Biegański intended Logika medycyny to include the entirety of issues faced by physicians, while providing a critical review, in line with its title, of both the network of concepts used and the course of clinical and experimental procedure. In other words, Biegański strived to create robust foundations of medical methodology which would be based on the rules of formal logic and, therefore, objective. This enabled him to formulate an original definition of disease, which still appears to be astoundingly up-to-date despite the fact that over one hundred years have passed since it was written: “It is a range of correlated changes to just the function or the organization and functions of a living organism, which result directly or indirectly from stimuli to which the organism is not adapted.”
Biegański is equally perceptive when considering the necessary conditions in understanding diseases, where a medical diagnosis is only a precondition to the causative and purposeful study of diseases, which naturally connects clinical medicine with experimental procedures. Only organized study of diseases subject to the discipline of the methodology outlined in this way can allow produce an effective tool for formulating medical indications. In Biegański’s opinion, the determination of the co-existing elements of a disease and distinguishing the causes, while indicating those which should be considered the most dangerous, should lead to their elimination or, if not possible, adequate modification, which would open the door to an effective therapy.
For Biegański, medicine is a special case of biological sciences, in which in addition to examining the specific – we might say anatomical and physiological – properties of a living organism, we need to examine whatever is distorted and disturbed by the disease. However, in this scientific procedure to which the physician from Częstochowa so clearly refers, we cannot lose sight of superior matters, i.e. the moral grounds of our actions, even for a moment. These are most fully expressed in the happiness which can only be achieved when we do good for other people. That is why Biegański focused so much on the ethics, including medical ethics, in his work. His words “Someone who is not a good man cannot be a good doctor,” which have often been cited later on, still remain valid.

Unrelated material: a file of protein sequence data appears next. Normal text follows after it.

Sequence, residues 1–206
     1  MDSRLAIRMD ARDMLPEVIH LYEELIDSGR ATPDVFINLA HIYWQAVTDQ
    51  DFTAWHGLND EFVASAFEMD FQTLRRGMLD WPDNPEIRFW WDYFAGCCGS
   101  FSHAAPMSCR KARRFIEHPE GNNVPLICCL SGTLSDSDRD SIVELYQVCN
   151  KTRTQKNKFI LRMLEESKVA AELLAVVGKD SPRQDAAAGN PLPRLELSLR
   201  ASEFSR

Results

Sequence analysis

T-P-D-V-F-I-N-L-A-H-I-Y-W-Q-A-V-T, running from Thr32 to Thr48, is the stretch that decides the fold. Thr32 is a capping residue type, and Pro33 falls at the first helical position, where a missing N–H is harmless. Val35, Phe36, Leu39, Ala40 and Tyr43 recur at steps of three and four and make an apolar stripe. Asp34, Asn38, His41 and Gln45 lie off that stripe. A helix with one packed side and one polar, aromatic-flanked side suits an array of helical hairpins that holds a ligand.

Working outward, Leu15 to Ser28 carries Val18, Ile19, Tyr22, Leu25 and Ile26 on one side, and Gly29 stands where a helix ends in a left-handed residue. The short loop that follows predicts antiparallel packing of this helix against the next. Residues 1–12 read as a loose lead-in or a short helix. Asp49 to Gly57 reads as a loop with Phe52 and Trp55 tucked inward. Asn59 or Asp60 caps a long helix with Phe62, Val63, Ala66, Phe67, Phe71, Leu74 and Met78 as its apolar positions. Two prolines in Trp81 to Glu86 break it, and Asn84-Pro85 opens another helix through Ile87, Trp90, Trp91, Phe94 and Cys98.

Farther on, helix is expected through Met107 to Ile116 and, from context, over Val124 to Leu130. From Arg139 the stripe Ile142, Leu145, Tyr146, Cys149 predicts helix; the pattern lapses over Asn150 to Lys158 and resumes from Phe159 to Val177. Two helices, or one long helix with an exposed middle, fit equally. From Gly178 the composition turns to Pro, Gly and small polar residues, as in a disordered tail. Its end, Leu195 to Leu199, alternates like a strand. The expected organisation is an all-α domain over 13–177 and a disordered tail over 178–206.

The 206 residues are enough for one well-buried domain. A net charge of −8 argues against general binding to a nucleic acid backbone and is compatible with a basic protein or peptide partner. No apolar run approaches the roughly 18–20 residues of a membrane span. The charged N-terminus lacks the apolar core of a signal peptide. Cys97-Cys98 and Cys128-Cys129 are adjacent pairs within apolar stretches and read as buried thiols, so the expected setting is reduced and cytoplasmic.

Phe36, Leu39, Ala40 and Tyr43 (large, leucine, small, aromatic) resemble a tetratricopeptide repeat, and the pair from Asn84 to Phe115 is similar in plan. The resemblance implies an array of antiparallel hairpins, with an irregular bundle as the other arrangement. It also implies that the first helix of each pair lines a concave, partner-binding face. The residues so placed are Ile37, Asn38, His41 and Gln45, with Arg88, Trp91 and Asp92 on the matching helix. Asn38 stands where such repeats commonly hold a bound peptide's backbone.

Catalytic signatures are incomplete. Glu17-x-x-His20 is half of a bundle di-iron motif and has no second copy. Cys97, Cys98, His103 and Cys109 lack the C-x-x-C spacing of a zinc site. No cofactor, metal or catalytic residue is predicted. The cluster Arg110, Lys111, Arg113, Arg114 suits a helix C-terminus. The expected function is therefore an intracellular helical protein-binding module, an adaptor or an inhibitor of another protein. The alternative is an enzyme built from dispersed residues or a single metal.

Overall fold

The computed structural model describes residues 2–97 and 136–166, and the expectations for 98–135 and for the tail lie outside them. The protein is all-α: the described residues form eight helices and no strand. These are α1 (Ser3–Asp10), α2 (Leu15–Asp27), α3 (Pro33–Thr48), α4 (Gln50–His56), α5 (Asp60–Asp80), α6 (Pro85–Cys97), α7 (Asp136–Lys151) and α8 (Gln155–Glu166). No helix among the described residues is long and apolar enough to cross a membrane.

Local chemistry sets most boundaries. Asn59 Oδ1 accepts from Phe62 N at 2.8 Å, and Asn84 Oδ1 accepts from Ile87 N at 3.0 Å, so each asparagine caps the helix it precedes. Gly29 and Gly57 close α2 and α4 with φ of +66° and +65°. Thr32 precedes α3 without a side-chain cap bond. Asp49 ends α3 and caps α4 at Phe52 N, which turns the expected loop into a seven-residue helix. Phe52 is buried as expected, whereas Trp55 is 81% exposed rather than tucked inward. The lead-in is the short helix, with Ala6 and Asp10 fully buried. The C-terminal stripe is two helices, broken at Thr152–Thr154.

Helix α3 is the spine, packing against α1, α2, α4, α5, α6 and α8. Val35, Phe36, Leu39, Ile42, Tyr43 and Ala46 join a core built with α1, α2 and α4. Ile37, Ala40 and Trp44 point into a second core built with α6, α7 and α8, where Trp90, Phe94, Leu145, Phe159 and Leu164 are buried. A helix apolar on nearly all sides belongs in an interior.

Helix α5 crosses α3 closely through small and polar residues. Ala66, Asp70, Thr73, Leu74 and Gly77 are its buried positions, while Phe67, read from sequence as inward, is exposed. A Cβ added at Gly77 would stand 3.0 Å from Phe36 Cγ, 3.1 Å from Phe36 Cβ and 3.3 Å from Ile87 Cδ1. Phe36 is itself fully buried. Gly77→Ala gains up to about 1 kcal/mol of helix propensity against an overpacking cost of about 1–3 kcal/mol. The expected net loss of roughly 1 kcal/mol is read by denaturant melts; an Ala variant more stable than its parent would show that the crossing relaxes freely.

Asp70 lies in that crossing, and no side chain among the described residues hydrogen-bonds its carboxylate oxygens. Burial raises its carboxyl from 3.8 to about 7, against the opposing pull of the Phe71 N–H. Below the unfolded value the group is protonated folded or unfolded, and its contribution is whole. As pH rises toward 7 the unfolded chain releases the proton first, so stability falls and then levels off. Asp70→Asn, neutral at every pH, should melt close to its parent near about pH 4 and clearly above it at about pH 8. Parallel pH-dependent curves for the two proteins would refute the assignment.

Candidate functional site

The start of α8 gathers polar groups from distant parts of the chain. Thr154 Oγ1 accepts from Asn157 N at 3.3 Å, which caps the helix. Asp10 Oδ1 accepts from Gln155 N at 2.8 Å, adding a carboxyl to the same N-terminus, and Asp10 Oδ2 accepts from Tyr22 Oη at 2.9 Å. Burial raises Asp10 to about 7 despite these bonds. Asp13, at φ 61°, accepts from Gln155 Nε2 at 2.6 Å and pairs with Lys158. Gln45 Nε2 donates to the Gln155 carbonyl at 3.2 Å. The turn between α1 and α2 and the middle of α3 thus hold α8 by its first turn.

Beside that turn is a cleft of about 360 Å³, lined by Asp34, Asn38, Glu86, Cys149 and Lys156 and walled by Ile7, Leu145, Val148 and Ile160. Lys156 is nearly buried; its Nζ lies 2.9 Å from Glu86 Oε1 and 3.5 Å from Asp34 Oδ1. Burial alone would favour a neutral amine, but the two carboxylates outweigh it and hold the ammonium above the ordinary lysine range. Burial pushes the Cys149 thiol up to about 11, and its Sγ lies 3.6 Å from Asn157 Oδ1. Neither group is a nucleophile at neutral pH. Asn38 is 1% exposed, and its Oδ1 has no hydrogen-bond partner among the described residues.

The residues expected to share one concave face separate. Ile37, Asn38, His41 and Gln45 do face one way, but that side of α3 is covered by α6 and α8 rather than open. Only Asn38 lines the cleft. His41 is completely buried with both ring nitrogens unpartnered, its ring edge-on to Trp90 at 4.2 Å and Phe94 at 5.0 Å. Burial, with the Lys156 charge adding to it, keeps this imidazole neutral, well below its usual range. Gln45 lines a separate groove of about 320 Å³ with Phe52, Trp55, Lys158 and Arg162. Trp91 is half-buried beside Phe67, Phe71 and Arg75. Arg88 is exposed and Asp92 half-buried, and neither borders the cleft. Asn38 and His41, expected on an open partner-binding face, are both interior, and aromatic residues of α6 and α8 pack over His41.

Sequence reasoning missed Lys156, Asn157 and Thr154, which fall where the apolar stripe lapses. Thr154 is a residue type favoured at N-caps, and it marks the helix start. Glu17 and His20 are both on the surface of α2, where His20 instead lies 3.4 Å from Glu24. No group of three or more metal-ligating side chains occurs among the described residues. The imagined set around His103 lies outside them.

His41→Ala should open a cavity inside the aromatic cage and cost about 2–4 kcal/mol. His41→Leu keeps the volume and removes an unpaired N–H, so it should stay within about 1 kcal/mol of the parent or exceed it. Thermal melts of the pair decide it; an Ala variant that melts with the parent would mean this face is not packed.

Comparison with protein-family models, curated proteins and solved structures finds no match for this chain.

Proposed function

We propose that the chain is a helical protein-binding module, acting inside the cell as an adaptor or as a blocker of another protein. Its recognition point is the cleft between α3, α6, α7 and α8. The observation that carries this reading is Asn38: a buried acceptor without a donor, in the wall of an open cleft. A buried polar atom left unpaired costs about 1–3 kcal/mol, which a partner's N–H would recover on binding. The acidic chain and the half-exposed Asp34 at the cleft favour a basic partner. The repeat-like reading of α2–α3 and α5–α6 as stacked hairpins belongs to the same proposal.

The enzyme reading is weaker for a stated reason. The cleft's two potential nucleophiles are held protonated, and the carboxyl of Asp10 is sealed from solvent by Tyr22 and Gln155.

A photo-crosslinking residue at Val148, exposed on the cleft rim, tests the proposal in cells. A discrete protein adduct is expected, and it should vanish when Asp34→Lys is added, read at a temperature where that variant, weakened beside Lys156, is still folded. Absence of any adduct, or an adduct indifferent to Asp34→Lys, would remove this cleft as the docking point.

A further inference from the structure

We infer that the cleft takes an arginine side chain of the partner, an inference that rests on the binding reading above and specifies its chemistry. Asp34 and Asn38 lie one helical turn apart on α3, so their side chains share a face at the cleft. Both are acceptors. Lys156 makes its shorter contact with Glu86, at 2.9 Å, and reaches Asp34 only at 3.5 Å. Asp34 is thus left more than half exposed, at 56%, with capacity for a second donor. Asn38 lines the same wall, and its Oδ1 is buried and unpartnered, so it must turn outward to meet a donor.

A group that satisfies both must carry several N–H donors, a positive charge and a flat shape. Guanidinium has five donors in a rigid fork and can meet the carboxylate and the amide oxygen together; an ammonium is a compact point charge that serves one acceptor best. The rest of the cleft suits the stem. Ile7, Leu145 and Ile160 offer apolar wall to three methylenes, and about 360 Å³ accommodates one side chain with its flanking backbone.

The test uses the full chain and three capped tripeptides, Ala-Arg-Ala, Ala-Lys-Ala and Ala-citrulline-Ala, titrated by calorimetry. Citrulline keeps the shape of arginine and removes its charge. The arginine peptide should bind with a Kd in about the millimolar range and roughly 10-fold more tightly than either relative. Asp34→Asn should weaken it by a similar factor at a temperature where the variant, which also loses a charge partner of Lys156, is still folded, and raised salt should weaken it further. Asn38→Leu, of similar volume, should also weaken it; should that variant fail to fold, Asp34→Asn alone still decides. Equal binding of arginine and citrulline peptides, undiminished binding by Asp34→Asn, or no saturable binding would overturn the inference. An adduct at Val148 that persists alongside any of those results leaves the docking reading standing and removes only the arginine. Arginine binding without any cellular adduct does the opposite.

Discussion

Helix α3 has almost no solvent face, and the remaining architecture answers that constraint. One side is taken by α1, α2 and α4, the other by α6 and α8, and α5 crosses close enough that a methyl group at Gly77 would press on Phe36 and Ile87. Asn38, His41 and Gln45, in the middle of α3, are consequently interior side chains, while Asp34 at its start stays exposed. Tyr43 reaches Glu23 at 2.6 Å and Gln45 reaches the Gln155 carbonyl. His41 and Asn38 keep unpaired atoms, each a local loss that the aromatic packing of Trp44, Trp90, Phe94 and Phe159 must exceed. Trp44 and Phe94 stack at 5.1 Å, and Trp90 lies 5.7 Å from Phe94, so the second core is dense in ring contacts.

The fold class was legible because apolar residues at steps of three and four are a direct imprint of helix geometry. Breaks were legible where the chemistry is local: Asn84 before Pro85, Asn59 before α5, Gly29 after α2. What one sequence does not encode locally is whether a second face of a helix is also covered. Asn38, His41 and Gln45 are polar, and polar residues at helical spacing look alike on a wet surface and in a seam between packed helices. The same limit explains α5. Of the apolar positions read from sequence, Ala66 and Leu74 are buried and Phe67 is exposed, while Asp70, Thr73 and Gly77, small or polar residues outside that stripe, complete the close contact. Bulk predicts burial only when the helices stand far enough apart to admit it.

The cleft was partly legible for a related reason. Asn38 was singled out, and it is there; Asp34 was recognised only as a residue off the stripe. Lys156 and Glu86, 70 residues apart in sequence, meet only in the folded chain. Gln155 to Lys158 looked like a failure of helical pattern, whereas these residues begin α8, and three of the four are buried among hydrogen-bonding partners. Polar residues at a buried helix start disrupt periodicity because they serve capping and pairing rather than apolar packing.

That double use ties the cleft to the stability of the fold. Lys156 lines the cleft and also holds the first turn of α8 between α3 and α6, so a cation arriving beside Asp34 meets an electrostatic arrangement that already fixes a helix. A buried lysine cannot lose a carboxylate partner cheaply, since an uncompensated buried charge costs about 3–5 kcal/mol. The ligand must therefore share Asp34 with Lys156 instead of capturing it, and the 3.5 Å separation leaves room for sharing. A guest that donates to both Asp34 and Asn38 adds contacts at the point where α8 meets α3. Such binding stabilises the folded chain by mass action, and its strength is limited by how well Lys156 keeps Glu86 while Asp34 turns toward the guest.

Ryszard W. Gryglewski
- Bilikiewicz T. (1946), Władysław Biegański (1857-1917), „Polski Tygodnik Lekarski”, (41-42).
- Borzym S. (1998), Poglądy epistemologiczne Władysława Biegańskiego, „Filozofia Nauki”, 6 (3-4): 11-17.
- Jadacki J. (1998), Władysław Biegański: między ‘Logiką medycyny’ a ‘Etyką ogólną’, „Filozofia Nauki”’, 6 (3-4): 7-9.
- Kucharz E. J., Shampo M.A., Kyle R. A. (1992), Wladyslaw Bieganski—Father of Modern Polish Medicine, „Mayo Clinic Proceedings”, 67 (11): 1080.
- Löwy I. (1990), Wladyslaw Bieganski Between the Logic of Science and the Logic of Medicine [w:] The Polish School of Philosophy of Medicine. Philosophy and Medicine, vol 37. Springer, Dordrecht.
- Maćkowiak Z. (2010), Władysław Biegański [w:] M. Musielak, J. Zamojski (red.) Polska szkoła filozofii medycyny. Przedstawiciele i wybrane teksty źródłowe, Wydawnictwo Naukowe Uniwersytetu Medycznego im. K. Marcinkowskiego w Poznaniu: Poznań.
- Murawski R. (2018), Struve and Biegański: Towards Modern Approach to Logic [w:] Á. Garrido, U. Wybraniec-Skardowska (eds) The Lvov-Warsaw School. Past and Present. Studies in Universal Logic, Birkhäuser: Cham.
- Śródka A. (1994), Uczeni polscy XIX-XX stulecia, Warszawa: Aries; 1.
- Woleński J. (1998), Władysław Biegański jako logik, „Filozofia Nauki”, 6 (3-4): 19-26.
- Michalik-Jaworska, K. Dr Władysław Biegański – tytan pracy, pl, https://swiatlekarza.pl/dr-wladyslaw-bieganski-tytan-pracy/# 27.12.2015
- Biegański, W. Logika medycyny, czyli krytyka poznania lekarskiego, skł. gł. Księgarnia E. Wendego i S-ka, Biblioteka Główna Gdańskiego Uniwersytetu Medycznego, https://pbc.gda.pl/dlibra/doccontent?id=2533 Warszawa, 1908